Jozef Imrich, name worthy of Kafka, has his finger on the pulse of any irony of interest and shares his findings to keep you in-the-know with the savviest trend setters and infomaniacs.
''I want to stay as close to the edge as I can without going over. Out on the edge you see all kinds of things you can't see from the center.''
What then can we expect of the contemporary artistic community by way of helping us digest this experience of physical confinement and anxiety? Some have already shared their creations during confinement through social media. – The Art Newspaper
Irene Triplett died last week at the age of 90. She was the last person in America to collect a pension from the Civil War, $73.13 each month from the Department of Veterans Affairs right up until she passed away. Her father Mose Triplett was both a Confederate and US soldier (a North Carolinian, he defected from the Confederacy halfway through the war) and Irene was eligible to receive his pension after he died because of disability.
After Mary died in the 1920s, Mose married Elida Hall. He was 78. She was 27. Their 1924 marriage, according to the Journal, was rough. They lost three babies. Then Irene was born on Jan. 9, 1930, but had mental disabilities, according to the newspaper. She was 8 when her father died on July 18, 1938, at the age of 92. His headstone reads: “He was a Civil War soldier.”
This is a great example of the Great Span, the link across large periods of history by individual humans. But it’s also a reminder that, as William Faulkner wrote: “The past is never dead. It’s not even past.” Until this week, US taxpayers were literally and directly paying for the Civil War, a conflict whose origins stretch back to the earliest days of the American colonies and continues today on the streets of our cities and towns. (thx, m)
TechCrunch: “Facebook’s photo transfer tool is now available globally half a year on from an initial rollout in Europe, the company saidtoday. The data portability feature enables users of the social network to directly port a copy of their photos to Google’s eponymous photo storage service via encrypted transfer, rather than needing to download and manually upload photos themselves — thereby reducing the hassle involved with switching to a rival service. Facebook users can find the option to “Transfer a copy of your photos and videos” under the Your Facebook Information settings menu. This is the same menu where the company has long enabled users to download a copy of a range of information related to their use of its service (including photos). However there’s little that can be done with that data dump. Whereas the direct photo transfer mechanism shrinks the friction involved in account switching. Facebook debuted the feature in Ireland at the back end of last year, going on to open it up to more international markets earlier this year and grant access to users in the US and Canada come April. Now all Facebook users can tap in — though the choice of where you can port your photos remains limited to Google Photos.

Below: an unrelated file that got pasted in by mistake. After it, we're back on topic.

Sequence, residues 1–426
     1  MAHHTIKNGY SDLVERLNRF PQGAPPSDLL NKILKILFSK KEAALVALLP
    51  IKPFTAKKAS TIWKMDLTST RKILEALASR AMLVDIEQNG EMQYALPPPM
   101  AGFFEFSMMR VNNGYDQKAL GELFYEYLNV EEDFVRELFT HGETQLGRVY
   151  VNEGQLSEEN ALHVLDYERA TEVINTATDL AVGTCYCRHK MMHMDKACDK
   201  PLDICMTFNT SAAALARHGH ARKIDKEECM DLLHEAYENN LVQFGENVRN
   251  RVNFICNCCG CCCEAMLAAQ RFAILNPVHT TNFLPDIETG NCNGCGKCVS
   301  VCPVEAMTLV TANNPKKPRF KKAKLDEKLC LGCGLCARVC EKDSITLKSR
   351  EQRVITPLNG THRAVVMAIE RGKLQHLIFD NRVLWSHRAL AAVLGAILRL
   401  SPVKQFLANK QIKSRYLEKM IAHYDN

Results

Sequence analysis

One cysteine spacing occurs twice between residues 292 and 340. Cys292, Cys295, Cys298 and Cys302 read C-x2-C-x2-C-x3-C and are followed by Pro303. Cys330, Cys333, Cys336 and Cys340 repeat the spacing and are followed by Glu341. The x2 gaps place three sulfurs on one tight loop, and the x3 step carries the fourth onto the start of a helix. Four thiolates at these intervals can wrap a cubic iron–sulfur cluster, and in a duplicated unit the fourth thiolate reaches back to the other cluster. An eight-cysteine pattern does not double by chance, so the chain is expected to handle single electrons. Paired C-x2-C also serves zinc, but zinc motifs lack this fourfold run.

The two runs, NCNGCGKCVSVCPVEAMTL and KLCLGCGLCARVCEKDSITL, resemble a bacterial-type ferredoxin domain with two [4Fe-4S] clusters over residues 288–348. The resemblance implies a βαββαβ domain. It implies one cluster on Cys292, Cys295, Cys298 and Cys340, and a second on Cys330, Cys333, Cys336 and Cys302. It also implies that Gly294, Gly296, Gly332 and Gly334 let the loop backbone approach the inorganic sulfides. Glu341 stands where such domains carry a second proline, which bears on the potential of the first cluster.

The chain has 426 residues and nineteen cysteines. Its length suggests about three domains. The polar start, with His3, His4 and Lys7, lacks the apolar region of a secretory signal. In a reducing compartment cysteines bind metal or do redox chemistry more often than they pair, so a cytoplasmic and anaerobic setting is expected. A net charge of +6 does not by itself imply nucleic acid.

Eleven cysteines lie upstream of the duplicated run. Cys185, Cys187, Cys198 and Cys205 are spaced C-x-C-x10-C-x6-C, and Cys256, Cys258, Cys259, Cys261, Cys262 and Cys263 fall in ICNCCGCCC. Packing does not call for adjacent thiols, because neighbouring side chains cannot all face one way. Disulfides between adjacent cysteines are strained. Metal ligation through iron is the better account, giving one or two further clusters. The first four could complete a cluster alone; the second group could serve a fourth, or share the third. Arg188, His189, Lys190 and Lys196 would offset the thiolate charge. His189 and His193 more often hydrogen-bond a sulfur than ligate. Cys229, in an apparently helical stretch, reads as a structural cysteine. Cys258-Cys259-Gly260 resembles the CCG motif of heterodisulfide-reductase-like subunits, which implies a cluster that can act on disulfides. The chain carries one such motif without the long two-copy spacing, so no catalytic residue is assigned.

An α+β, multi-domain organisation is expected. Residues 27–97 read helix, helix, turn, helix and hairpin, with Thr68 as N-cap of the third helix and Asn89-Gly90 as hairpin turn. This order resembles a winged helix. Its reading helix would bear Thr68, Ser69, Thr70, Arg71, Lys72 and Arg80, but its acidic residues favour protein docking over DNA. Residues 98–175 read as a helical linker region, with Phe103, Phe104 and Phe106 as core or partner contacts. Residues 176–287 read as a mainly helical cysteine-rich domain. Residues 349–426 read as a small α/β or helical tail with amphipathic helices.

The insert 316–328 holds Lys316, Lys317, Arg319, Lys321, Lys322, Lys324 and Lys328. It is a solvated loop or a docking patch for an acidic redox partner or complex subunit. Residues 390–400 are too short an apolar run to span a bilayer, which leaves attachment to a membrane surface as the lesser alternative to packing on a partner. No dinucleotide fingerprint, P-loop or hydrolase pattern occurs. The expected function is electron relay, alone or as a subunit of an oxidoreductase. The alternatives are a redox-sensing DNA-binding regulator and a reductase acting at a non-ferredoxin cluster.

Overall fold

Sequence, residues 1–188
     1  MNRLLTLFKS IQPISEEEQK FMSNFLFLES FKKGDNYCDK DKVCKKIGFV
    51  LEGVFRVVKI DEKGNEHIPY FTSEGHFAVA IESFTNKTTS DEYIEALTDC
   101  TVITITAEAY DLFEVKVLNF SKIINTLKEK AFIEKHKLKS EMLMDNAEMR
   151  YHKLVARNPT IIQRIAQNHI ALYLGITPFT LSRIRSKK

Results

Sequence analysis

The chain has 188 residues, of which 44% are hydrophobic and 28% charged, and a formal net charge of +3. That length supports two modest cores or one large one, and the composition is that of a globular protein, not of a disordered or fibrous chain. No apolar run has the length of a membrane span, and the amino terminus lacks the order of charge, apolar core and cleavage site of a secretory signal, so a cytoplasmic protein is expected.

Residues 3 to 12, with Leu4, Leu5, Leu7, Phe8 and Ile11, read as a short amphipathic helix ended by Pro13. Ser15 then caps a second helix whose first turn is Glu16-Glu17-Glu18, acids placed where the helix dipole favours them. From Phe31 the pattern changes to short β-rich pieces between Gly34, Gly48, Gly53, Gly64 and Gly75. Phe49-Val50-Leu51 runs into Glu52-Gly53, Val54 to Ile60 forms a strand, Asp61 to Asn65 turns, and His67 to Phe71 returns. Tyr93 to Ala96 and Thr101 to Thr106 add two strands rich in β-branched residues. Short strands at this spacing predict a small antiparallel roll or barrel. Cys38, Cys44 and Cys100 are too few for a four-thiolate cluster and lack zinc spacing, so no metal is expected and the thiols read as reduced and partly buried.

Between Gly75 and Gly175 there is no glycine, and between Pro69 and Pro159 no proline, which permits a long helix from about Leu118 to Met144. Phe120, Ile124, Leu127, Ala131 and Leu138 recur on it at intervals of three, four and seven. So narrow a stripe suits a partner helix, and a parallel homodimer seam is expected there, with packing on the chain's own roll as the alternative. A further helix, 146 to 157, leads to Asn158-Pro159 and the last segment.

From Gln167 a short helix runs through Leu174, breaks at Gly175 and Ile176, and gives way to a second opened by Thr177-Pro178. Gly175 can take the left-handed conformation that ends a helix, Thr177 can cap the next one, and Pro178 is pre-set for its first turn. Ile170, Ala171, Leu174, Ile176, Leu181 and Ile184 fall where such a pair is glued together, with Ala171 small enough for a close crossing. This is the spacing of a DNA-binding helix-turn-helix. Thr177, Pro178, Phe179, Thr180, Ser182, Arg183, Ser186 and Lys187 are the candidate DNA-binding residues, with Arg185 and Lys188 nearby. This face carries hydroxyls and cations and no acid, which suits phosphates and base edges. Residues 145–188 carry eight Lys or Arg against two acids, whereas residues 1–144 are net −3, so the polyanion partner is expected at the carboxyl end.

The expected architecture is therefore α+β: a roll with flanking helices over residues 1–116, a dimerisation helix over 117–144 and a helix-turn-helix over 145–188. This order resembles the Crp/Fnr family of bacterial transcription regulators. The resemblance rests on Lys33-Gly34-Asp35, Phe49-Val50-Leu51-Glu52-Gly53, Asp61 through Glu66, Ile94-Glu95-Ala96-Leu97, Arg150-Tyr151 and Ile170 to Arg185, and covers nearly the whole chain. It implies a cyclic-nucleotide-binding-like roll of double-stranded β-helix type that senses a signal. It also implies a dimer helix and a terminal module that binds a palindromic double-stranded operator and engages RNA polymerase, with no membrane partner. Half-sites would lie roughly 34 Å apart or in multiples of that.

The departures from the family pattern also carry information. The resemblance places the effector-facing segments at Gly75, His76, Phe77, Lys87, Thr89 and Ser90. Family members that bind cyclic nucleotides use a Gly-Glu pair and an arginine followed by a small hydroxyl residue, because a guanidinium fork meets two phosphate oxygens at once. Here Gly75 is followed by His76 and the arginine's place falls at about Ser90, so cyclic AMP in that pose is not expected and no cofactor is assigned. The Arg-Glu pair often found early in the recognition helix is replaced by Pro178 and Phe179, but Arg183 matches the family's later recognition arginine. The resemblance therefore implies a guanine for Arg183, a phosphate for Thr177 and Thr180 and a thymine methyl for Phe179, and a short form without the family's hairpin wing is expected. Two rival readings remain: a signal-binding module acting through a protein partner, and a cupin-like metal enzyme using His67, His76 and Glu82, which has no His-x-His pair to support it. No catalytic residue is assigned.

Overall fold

If the workers who were recorded as employed but absent from work due to “other reasons” (over and above the number absent for other reasons in a typical May) had been classified as unemployed on temporary layoff, the overall unemployment rate would have been about 3 percentage points higher than reported (on a not seasonally adjusted basis). However, according to usual practice, the data from the household survey are accepted as recorded. To maintain data integrity, no ad hoc actions are taken to reclassify survey responses.
Admittedly, the Bureau of Labor Statistics had a similar note last month. As always, focus on U-6, which shows unemployment over 20%.